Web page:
Saturday, 28 October 2017

Feeling Lost

When my elder daughter was a three-year-old, she worried every time I travelled up to London on my own of a week-end. She used to fret that I'd get lost: 'What if Daddy can't find his way home?' - a touching and understandable concern for a small person in a large world.

As far as I recall, when I was a child myself I only got lost once, but it was a very disconcerting experience.

I would have been seven or eight at the time. We were making a rare visit to relatives who lived in a suburb of Southampton. My brother and I had been bought plastic camping bottles for use on holiday, the ones that came with a belt, and it was decided we'd go off to nearby woods with our cousins John and Ken and our water bottles to play at being hunters, explorers or some such, with instructions to be home by 1 o'clock for lunch. I don't remember what or for how long we played, but there came a point when I realised I was alone in the woods, as no amount of calling out for minutes on end got a response.

I didn't have a watch and had no idea of the time but I concluded the three of them must have gone home without me and I'd better make my way back - only I wasn't familiar with the area and didn't know how to find my way home. I did the only thing I could think of doing: get out of the woods and start walking the nearby streets, which all looked very similar, until I found a landmark I recognised; (standard trial-and-error man mode kicking in early).

It never occurred to me to ask someone where Crescent Road was - I would probably have been too embarrassed to admit I was lost - and so I walked purposefully up and down quiet suburban Southampton streets in rising panic for what seemed an age until I turned a corner and presto! to my enormous relief I was at the far and unfamiliar end of Crescent Road. Lunch was over by the time I arrived back and although I was ravenous I claimed I wasn't hungry. I don't recall anything else being said about my being so late and alone.

Either of those reflections might prove an evocative trigger for a poem at some point. Not now though. For today's blog I've raided the yellowing back pages to pull out this ancient and rather bleak poem, but hey! it's on theme.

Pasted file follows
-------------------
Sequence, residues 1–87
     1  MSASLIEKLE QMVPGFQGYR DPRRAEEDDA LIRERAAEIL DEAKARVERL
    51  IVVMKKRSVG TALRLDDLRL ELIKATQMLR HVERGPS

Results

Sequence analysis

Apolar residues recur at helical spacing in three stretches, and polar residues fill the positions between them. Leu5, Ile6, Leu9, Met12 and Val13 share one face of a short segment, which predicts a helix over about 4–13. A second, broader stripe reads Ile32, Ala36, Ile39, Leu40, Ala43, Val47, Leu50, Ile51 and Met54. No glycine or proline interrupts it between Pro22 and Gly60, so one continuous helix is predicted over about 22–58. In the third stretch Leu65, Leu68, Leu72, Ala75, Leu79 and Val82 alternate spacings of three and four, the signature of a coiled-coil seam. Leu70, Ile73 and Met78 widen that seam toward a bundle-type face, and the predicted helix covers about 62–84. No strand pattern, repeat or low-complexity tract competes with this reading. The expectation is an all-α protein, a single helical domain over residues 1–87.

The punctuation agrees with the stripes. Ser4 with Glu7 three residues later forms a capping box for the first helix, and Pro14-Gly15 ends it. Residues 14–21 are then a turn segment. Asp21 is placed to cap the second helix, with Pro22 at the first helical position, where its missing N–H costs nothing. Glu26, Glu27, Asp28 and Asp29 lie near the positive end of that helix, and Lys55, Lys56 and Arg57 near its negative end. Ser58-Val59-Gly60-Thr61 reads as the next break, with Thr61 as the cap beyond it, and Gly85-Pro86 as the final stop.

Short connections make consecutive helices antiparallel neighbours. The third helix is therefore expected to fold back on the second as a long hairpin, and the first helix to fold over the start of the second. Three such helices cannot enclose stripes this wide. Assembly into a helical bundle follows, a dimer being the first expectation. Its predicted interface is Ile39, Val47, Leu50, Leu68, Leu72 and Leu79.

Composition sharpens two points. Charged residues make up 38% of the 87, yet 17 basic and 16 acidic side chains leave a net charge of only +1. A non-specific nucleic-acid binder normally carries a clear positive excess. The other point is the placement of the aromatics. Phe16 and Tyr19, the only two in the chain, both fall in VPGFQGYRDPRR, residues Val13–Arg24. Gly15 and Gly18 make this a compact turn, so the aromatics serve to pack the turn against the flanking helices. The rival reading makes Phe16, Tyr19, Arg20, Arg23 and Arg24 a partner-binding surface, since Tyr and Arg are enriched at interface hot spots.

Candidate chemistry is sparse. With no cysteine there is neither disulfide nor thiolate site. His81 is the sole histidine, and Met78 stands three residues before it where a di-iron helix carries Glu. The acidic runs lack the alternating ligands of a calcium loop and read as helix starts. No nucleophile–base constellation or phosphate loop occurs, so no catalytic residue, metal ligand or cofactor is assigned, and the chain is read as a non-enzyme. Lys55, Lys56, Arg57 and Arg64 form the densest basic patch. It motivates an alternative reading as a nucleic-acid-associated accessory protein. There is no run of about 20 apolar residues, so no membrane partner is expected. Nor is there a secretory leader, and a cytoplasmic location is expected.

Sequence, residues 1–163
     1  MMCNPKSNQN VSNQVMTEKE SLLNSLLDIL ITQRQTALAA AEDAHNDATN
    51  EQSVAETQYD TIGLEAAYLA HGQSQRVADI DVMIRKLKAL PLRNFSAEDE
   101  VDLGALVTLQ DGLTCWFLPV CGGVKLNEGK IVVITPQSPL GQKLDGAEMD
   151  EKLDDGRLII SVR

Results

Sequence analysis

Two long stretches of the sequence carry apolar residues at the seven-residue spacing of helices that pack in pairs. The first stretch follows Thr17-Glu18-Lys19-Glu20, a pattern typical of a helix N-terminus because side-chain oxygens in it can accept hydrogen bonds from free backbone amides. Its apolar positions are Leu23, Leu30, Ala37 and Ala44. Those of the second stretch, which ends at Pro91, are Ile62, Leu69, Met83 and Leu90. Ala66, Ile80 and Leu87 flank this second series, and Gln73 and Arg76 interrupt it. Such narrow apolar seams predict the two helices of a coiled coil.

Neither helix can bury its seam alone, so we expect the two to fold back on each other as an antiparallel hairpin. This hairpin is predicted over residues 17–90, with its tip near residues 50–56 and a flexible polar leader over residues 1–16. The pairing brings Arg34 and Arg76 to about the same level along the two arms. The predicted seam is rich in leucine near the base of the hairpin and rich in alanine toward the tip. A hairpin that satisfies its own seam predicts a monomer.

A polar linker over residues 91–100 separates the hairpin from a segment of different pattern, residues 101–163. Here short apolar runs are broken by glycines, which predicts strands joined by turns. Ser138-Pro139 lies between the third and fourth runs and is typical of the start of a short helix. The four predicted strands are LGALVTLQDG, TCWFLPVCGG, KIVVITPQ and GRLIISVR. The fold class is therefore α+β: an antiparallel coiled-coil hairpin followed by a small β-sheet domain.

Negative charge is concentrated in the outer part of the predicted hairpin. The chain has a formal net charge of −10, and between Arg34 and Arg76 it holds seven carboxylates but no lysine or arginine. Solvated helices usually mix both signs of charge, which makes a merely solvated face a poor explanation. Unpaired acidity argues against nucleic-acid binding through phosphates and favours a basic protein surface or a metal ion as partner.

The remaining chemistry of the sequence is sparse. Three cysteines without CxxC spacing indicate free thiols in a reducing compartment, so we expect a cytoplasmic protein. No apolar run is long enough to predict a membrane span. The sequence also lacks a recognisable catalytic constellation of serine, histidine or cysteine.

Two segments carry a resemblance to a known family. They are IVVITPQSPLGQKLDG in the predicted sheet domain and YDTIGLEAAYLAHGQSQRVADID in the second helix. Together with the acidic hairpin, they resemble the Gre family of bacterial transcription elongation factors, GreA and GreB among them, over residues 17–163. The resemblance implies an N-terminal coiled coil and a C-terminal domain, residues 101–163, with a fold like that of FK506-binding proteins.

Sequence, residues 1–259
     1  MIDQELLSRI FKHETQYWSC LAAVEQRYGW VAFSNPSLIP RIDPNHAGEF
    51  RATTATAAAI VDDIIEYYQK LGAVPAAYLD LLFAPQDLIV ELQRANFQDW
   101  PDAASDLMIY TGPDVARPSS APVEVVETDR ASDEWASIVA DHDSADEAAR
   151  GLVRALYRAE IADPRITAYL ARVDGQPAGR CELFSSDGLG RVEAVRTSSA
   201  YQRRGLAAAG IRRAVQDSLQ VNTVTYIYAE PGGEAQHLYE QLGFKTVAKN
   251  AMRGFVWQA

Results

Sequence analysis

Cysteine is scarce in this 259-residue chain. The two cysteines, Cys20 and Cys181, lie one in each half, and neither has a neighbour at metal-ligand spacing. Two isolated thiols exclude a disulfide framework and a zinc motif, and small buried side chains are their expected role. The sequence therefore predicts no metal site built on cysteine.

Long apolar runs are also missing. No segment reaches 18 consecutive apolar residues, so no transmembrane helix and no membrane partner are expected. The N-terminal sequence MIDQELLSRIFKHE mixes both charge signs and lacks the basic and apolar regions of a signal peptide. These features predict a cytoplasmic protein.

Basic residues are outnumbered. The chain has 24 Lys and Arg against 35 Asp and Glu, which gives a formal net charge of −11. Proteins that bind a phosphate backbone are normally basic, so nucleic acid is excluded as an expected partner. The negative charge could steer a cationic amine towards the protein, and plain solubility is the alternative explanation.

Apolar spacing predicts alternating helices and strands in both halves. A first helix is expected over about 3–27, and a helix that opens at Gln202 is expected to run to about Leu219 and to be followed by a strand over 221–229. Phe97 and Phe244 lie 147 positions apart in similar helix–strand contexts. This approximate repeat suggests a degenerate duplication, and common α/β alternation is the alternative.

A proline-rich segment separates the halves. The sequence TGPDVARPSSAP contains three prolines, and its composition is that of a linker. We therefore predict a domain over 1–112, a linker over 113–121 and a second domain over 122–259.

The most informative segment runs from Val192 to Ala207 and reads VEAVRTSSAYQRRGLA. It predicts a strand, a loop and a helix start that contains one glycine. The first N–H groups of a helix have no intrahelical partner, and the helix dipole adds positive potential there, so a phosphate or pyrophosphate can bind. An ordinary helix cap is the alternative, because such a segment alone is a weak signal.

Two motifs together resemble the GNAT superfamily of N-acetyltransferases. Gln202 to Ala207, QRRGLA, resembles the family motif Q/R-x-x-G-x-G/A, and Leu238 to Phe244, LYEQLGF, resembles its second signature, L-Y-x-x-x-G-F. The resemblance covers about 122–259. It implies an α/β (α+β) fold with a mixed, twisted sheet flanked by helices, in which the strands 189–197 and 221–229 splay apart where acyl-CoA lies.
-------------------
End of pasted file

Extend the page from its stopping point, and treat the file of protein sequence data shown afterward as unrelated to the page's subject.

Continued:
It was written in early 1976 when I was living in a flat above a petrol station about a mile outside of Okehampton, Devon, with a view similar to the one above, across Dartmoor. That was an intensely cold and snowy winter, a transitional and - as the poem attests - not a particularly happy time in my life...

Snow falls, a white carpet,
footfalls receding quietly - yours,
these snuffles - mine,
on account of the cold, cold, cold!
and teardrops
the water in my whisky this evening
courtesy of such a bitter winter
biting to the very soul.
To feel not just frozen through,
but strangely old (at twenty-two)!

I'm lost, not right,
have not been happy
since before the summer
and it's so hard to fathom why
with reason beyond reach.
Try as I might
the meaning of it all eludes me.

Those nights
spent with ladies I liked but did not love,
what were they to prove,
and to whom?
I'm lost, out of touch
with what is right and wrong for me.

Snow falls, a white carpet,
burying everything,
sign-posts included.

As an aural bonus: Little Feat's Cold, Cold, Cold

Thanks for reading. Stay warm and have a foot-tapping week, Steve ;-)


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